To many, Walter Johnson is the greatest pitcher of all time. He was a star second to none from the dawn of the game's modern era through the Golden Age of Sports of the Roaring Twenties. The playing career of The Big Train, as the sportswriters called him, spanned the era of such greats as Cy Young, Babe Ruth, Honus Wagner, Lou Gehrig, and Al Simmons. Johnson knew every President from William Howard Taft to Franklin Roosevelt, and was friends with the likes of Will Rogers and Douglas Fairbanks.
But it wasn't Walter Johnson's blazing fastball alone that placed him on a pedestal as high as any in American sports. It was Johnson, above all others, who came to personify gentlemanly conduct in the heat of battle, as Shirley Povich put it. One of a small number of like-minded stars tempering the game's roughneck reputation in the century's early years, he was still around to help shepherd it through its darkest hour of the Black Sox scandal. For several generations, Johnson's presence in the big-league consoled parents all over the country. If the game was good enough for the modest, decent, and honest Kansas farm boy, they figured, it was okay for their sons, too.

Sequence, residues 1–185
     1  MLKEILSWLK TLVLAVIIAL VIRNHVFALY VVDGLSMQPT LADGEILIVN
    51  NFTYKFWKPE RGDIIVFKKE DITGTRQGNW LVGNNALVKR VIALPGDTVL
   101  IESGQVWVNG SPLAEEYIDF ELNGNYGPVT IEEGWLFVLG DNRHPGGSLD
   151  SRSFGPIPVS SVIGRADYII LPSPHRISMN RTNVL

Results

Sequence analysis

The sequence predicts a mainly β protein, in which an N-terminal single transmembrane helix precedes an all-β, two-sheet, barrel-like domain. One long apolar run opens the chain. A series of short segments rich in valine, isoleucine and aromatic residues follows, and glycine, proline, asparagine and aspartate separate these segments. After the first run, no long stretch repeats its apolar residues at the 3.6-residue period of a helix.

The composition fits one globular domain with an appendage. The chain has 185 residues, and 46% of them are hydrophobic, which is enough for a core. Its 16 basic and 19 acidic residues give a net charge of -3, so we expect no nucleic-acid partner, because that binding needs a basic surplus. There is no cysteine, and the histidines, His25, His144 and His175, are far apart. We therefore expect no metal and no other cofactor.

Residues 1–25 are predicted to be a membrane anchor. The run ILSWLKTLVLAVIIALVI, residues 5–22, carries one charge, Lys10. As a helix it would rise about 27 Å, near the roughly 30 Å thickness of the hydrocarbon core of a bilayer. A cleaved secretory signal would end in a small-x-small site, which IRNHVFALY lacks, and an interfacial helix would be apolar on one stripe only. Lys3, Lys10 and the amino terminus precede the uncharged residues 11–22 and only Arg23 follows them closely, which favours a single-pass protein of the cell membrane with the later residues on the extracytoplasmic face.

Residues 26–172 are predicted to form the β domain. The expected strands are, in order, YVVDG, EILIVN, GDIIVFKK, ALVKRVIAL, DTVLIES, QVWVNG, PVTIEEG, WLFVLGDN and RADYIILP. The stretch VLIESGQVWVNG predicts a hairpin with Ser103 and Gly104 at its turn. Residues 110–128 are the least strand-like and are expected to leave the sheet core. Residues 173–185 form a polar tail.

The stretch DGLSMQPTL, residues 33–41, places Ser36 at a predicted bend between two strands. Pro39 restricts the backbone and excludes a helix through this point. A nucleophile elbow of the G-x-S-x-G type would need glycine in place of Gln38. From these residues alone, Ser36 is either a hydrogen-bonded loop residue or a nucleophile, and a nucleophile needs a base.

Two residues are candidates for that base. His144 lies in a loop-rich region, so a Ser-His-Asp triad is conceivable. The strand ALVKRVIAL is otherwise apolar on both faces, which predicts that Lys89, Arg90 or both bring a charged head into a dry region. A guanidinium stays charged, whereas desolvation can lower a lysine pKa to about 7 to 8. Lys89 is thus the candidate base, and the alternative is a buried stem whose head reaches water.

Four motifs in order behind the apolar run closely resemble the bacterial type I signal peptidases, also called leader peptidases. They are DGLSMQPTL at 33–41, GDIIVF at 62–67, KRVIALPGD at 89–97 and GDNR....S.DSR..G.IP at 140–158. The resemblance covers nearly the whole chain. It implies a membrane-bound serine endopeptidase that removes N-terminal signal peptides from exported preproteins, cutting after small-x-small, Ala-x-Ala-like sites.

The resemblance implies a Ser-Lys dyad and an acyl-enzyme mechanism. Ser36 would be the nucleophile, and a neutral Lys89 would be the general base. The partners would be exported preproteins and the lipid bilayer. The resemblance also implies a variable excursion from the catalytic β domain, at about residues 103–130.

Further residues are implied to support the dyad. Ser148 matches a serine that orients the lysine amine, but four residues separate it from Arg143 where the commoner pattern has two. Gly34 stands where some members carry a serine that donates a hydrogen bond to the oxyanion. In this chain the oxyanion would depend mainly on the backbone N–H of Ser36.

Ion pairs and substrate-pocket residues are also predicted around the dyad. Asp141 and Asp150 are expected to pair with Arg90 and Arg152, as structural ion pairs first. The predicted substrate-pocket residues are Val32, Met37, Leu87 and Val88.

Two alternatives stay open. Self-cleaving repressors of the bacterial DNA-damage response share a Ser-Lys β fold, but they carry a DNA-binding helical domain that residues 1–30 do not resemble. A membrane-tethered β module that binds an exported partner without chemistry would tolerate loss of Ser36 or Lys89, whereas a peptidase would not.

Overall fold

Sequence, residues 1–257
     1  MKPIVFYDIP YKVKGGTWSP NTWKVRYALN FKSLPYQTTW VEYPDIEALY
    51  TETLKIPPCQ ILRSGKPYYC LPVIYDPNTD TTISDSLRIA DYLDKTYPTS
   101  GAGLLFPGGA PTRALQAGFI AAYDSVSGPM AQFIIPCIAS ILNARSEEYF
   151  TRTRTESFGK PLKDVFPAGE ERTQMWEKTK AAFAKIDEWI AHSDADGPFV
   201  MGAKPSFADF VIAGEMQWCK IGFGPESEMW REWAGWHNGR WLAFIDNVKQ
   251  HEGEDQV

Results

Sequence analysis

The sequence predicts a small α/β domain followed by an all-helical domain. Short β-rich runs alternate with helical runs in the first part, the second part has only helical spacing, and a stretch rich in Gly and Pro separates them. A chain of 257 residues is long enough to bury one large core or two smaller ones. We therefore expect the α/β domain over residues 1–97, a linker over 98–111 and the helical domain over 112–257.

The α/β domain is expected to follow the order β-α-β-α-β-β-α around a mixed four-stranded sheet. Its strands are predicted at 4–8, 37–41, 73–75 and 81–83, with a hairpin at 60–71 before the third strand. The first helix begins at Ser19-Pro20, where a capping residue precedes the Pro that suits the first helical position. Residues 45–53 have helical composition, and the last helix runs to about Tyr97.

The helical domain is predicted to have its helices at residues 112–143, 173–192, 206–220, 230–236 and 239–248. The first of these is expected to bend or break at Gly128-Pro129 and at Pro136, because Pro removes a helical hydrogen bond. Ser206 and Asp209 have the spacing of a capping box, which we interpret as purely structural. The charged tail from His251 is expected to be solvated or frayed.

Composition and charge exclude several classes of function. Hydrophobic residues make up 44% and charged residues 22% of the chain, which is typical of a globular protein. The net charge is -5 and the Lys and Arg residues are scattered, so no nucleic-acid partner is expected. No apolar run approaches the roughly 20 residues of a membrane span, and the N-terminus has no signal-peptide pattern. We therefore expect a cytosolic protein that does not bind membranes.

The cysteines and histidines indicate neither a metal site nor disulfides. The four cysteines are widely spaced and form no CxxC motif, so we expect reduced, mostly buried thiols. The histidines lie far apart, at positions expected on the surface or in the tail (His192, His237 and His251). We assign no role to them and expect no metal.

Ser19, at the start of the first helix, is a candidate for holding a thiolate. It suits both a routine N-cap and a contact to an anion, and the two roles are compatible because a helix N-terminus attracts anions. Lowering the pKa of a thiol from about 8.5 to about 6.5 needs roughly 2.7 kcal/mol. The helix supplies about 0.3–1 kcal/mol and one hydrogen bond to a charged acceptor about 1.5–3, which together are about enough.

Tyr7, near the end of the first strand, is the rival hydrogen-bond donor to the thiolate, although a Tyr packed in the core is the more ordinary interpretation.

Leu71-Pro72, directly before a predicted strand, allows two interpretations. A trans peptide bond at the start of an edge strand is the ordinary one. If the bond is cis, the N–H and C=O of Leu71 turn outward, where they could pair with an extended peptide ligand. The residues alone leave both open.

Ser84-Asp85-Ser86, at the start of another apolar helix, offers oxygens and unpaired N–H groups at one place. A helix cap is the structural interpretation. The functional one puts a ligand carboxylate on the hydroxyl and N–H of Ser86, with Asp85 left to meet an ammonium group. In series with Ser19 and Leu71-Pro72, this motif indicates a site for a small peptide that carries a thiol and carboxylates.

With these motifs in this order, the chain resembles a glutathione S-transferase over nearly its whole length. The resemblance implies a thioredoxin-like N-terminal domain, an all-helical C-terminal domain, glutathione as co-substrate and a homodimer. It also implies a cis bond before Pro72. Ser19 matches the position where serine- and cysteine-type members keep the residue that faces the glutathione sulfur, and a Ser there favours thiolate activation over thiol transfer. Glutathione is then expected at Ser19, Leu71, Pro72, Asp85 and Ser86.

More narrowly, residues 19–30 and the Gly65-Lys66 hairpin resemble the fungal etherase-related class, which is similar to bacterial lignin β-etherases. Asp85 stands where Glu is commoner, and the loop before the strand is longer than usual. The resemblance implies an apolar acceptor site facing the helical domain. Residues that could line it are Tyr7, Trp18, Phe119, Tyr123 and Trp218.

Throughout a life as full as it gets, and a career as dazzling as any in the history of sports, Walter Johnson remained an unspoiled individual, his name unmarred by any hint of wrongdoing on or off the field. This is the grand story of one of the good guys. Download and start listening now!